Paulinho Da Viola biography
Paulinho da Viola (born Paulo César Batista de Faria on November 12, 1942) is a Brazilian guitar, cavaquinho and bandolin player, known for his sophisticated harmonies and soft, gentle singing voice.
Born in Rio de Janeiro to a family deeply rooted in the samba tradition, Paulinho met and befriended much of Rio's samba elite as a child. His father was a guitar player and musicians like Pixinguinha and Jacob do Bandolim would often come to his house for rehearsals, which Paulinho watched for hours on end. After the rehearsals, Paulinho would pick up his father's guitar and strum the few chords he knew. Later, as a teenager, he was frequently seen at jams at Jacob do Bandolim's house, quietly and attentively observing the older, more experienced musicians. He began writing his own songs as a teenager, but never considered a career as a professional musician until he met poet Hermínio Bello de Carvalho in 1964. By then, Paulinho was working as a teller at a bank in Rio de Janeiro, and recognised Hermínio from the jam sessions at Jacob do Bandolim's house. The two became close friends and soon began writing music together. The first song they wrote together was Duvide-o-dó, recorded by singer Isaurinha Garcia. He then began performing his own songs at a restaurant in Rio, owned by samba legend Cartola and his wife.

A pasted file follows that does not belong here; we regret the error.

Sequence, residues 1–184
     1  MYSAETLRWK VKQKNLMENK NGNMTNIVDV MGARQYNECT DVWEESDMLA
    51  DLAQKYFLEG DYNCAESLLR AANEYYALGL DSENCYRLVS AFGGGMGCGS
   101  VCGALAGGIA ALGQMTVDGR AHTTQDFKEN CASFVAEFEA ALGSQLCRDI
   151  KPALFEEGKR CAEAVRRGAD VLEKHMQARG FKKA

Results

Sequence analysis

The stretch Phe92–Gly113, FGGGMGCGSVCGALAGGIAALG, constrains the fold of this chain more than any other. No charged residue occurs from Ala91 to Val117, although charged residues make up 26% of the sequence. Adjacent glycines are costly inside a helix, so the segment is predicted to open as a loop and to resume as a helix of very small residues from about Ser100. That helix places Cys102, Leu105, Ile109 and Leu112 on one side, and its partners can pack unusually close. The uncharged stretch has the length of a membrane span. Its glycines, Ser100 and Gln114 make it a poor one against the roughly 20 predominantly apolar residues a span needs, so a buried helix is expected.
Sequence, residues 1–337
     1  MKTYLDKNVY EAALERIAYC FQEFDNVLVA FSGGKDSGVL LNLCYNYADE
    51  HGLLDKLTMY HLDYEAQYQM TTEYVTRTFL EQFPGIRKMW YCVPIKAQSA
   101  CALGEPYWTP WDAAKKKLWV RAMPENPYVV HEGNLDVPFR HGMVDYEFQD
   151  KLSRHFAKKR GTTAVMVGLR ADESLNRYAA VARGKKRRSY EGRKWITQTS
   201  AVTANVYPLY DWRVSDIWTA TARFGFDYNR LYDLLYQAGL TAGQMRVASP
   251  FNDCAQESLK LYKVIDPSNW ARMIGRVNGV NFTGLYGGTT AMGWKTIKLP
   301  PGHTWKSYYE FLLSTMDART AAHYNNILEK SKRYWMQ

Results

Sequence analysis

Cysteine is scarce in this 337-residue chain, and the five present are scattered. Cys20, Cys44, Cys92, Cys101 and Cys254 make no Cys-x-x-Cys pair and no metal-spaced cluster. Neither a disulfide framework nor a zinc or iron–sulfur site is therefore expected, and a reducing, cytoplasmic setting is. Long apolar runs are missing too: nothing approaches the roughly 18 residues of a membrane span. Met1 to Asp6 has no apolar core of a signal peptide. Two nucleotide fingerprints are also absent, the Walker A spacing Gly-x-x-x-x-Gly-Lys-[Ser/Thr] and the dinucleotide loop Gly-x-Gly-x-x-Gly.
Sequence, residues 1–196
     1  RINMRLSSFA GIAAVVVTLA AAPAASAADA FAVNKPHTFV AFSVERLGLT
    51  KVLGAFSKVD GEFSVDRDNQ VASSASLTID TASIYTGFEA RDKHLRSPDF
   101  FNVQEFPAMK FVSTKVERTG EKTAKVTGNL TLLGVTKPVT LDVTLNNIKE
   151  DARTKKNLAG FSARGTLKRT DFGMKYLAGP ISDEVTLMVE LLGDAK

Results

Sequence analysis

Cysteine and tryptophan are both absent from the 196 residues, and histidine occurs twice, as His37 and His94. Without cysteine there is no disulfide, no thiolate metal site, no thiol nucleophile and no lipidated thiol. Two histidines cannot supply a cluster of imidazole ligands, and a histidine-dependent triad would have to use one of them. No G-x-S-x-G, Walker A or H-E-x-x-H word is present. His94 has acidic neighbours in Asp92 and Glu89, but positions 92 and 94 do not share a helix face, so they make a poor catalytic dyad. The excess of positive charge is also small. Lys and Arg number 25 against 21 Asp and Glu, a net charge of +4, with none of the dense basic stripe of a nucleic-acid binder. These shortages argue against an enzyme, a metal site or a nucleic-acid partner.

He got his famous nickname in 1965, when he was a member of the samba group A Voz do Morro (the voice of the hills), alongside Zé Keti and Oscar Bigode. After their first recording session, a publicist from the record label reportedly told him "'Paulo César' is not a samba name!". Zé Keti and journalist Sérgio Cabral eventually came up with the nickname "Paulinho da Viola" (something to the lines of "Guitar Paul").
By the 1970s, Paulinho was at the most prolific stage of his career, releasing an average of one album per year. He was already a household name in samba, choro and MPB circles and broadened his audience by touring all over Brazil and also playing at festivals in Europe and the USA. His productivity and popularity had waned by the mid-80s, when he decided to focus more on his songwriting. In 1996 he regained notoriety after releasing the much-acclaimed album Bebadosamba, in which he once again joined forces with Hermínio Bello de Carvalho and Elton Medeiros, his early songwriting partners. He still lives in Rio de Janeiro and performs around Brazil.